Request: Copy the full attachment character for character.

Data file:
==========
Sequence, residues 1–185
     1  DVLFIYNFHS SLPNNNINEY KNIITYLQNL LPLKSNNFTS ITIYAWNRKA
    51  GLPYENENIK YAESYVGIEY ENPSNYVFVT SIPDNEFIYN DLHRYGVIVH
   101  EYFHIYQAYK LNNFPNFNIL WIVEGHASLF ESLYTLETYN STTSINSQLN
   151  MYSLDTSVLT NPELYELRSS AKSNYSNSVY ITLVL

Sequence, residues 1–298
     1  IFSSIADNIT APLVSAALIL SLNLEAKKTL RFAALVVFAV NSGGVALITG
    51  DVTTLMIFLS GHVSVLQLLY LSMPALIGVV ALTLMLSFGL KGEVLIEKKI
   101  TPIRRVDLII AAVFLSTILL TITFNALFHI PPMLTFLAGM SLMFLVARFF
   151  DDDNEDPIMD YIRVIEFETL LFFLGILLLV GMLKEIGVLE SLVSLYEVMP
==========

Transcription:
Sequence, residues 1–185
     1  DVLFIYNFHS SLPNNNINEY KNIITYLQNL LPLKSNNFTS ITIYAWNRKA
    51  GLPYENENIK YAESYVGIEY ENPSNYVFVT SIPDNEFIYN DLHRYGVIVH
   101  EYFHIYQAYK LNNFPNFNIL WIVEGHASLF ESLYTLETYN STTSINSQLN
   151  MYSLDTSVLT NPELYELRSS AKSNYSNSVY ITLVL

Sequence, residues 1–298
     1  IFSSIADNIT APLVSAALIL SLNLEAKKTL RFAALVVFAV NSGGVALITG
    51  DVTTLMIFLS GHVSVLQLLY LSMPALIGVV ALTLMLSFGL KGEVLIEKKI
   101  TPIRRVDLII AAVFLSTILL TITFNALFHI PPMLTFLAGM SLMFLVARFF
   151  DDDNEDPIMD YIRVIEFETL LFFLGILLLV GMLKEIGVLE SLVSLYEVMP